While the Covid-19 pandemic has disrupted education systems, it has also provided the opportunity to rethink systems, placing the learner, not the teacher at the centre and involving the student in constructing knowledge. By Dr Rita Bissoonauth.
Covid-19 has disrupted our education systems and widened inequalities. School closures have created unintended negative consequences on the welfare of learners. Many learners in the continent have lost between six months and one year of schooling, possibly more for the marginalised children.
According to the World Bank, these learning losses could translate over time into millions of dollars of lost earnings for the global economy because of lower levels of learning, the lost months of schooling during the lockdown, and potential dropping out from school.
Our education landscape can never be the same after this unprecedented pandemic of Covid-19. The virus has revealed the fragility of our education systems and broken many dreams of young girls and boys.
It is threatening the progress made by African countries in terms of access, participation and completion at primary and secondary levels of education.
Successful school feeding programmes that ensured improved nutrition at basic education levels have been cut off, as well as heightened the vulnerability level of our girls within and outside the family setting.
Our response will impact the future generations to come, especially that of our grandchildren. It is our social responsibility as a parent, teacher or policy-maker to influence policy, planning and practice.
We need to reimagine our world, as part of our duty as citizens to improving people’s lives. It is thus imperative that we look at this unprecedented crisis as an opportunity.
On average, class sizes in the Sub-Saharan Africa comprise around 50 students. It has been argued for many years that class sizes have to be reduced in order to enhance the quality of learning. Due to the social distancing post-Covid measures being put in place, it looks like class sizes will definitely reduce. However this means more teachers and more classrooms, implying a higher education budget.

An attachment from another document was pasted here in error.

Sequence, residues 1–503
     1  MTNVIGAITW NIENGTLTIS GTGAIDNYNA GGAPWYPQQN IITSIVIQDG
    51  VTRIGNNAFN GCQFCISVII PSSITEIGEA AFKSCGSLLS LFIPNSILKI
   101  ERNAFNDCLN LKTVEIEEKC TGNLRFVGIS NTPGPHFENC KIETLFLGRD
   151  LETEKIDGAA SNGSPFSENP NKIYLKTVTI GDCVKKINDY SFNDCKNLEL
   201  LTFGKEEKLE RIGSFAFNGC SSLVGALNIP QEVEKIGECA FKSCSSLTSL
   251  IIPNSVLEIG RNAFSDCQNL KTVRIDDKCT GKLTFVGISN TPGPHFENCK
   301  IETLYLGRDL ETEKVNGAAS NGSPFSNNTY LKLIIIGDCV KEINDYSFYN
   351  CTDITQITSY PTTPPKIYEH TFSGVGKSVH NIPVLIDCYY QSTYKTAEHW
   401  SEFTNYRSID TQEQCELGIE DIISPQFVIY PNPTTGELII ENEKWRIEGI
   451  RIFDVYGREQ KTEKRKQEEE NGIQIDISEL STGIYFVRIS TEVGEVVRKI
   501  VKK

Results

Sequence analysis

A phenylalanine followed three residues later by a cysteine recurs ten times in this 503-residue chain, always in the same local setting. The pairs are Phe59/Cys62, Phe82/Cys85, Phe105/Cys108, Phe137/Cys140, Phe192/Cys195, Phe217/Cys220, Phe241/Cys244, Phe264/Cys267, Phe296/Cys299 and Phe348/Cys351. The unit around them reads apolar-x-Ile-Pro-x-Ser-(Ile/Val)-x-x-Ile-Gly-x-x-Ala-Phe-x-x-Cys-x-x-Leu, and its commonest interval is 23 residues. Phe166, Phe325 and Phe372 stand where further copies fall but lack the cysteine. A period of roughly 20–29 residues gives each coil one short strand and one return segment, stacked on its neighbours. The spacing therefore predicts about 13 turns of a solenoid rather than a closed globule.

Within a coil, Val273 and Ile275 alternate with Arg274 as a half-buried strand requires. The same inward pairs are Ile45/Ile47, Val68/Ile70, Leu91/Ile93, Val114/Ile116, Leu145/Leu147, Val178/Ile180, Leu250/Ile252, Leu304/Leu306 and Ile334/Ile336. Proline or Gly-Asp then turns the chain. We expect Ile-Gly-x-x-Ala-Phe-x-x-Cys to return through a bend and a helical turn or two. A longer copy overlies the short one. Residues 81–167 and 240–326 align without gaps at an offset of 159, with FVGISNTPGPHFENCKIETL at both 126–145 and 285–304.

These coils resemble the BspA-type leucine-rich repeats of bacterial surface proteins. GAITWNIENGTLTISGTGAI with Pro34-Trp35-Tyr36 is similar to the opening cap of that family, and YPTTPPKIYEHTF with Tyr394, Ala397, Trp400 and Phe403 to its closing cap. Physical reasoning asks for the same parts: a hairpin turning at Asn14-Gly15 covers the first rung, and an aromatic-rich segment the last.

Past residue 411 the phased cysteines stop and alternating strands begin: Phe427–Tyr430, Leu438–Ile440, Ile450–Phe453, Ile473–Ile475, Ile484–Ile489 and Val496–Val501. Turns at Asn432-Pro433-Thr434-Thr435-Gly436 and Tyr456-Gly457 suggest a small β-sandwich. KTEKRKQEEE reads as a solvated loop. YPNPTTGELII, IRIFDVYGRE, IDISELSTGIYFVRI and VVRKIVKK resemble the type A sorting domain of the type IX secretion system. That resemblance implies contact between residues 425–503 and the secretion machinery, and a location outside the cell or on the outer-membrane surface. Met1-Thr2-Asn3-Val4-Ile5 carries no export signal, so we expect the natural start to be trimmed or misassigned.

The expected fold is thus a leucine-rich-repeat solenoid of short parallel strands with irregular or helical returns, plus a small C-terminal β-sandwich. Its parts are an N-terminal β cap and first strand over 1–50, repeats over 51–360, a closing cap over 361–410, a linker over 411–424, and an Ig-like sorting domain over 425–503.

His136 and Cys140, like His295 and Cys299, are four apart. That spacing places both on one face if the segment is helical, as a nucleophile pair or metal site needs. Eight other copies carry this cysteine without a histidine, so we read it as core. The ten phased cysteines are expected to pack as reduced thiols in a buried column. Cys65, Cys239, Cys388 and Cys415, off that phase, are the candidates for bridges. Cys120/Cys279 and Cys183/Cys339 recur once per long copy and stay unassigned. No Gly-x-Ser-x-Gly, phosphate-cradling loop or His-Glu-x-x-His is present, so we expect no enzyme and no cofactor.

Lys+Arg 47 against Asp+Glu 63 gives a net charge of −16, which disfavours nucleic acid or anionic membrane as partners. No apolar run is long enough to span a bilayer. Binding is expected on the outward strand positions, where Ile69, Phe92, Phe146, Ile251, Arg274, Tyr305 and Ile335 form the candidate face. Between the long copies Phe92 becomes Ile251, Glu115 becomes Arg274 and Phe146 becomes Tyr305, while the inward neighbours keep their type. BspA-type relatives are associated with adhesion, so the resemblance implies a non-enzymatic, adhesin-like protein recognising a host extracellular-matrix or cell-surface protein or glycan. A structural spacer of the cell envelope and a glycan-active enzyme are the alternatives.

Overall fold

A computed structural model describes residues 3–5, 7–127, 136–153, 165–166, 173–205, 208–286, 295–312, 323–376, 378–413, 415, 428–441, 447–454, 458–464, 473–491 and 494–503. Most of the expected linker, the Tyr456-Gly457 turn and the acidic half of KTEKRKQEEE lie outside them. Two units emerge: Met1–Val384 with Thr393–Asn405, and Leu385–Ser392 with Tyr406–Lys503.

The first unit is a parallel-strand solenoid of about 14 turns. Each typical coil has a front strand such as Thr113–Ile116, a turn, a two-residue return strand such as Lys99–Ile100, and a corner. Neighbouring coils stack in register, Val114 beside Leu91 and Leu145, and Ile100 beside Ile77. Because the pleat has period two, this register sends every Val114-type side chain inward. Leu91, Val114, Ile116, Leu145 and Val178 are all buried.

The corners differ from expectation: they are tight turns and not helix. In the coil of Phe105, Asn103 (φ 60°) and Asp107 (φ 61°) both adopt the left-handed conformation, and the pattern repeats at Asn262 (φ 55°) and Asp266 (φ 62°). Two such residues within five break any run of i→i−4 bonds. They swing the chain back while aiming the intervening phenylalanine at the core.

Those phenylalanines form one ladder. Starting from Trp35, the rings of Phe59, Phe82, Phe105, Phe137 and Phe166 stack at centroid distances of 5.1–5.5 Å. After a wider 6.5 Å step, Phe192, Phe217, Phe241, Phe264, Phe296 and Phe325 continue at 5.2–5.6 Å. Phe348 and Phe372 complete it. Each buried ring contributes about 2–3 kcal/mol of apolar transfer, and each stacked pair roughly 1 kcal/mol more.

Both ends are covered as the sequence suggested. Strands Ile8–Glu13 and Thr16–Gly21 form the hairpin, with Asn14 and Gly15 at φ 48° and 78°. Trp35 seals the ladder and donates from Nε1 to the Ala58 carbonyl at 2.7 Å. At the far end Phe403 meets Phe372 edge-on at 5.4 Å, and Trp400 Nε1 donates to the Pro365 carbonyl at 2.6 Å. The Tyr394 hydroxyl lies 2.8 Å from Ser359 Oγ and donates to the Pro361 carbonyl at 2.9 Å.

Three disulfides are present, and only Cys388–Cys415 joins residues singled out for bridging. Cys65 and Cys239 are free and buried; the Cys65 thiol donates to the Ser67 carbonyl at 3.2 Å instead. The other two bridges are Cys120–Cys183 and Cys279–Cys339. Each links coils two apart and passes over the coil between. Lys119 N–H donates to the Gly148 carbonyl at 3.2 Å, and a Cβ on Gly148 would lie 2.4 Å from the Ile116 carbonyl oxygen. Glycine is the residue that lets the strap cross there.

This calls for a massive investment in public expenditure. At a time when countries are struggling with the economic impact of Covid-19, it is important to ensure that education budgets are not diverted to health care or other areas. Civil society and youth organisations have to scrutinise their national budgets to ensure that this does not happen.
Financing education will only come through building wider national ownership from the community. It is by working together that we can build sustainable financed public education systems and contribute to building economies and societies that deliver on the Africa we want, the African Union’s vision as outlined in Agenda 2063.
Placing learners at the centre
Furthermore, this pandemic is giving us the opportunity to re-think the concept of teaching and learning. In most African countries, the teacher is at the centre of the learning process, where the learner does not participate fully in knowledge construction.
We need to focus on the learner being at the centre and involved in the co-construction of knowledge. This momentum comes at the right time, when countries are preparing for a ‘new normal’ where teaching and learning will be different from what we have known.
As schools are slowly re-opening around the world, many ministries of education are coming up with different scenarios for the new academic year. Many schools will not be able to welcome all students full-time due to physical distancing rules and other protective measures. School calendars will have to be modified, re-entry staggered and teaching provided in shifts. Blended learning, incorporating both face-to face interactions as well as distance education will now become the ‘new normal’.
This means that the learner has to become autonomous and control their learning, co-constructing their knowledge. Learners have to find innovative ways of looking for information. It is important to embrace innovative solutions to build a student-centric ecosystem that substantially transforms learning.
This is a first step towards transformative learning. Jack Mezirow (US sociologist and educator) defines transformative learning as “an orientation which holds that the way learners interpret and reinterpret their sense experience is central to making meaning and hence learning.”
We are thus empowering the youth to make their own choices about learning, building on innovative school practices and nurturing local exchanges and sharing of knowledge and practices.
In conclusion, Covid-19 has enabled us to think about how to improve the resilience of our education systems, and how to become better equipped to face other potential crises.
We need systems that are more flexible, fully dedicated to all learners, girls and boys, with interactive, hands-on teaching and learning strategies enhanced by technology or ICT and with the full involvement of all citizens.
Dr Rita Bissoonauth heads the African Union International Centre for Girls and Women’s Education in Africa (AU/CIEFFA), based in Ouagadougou, Burkina Faso.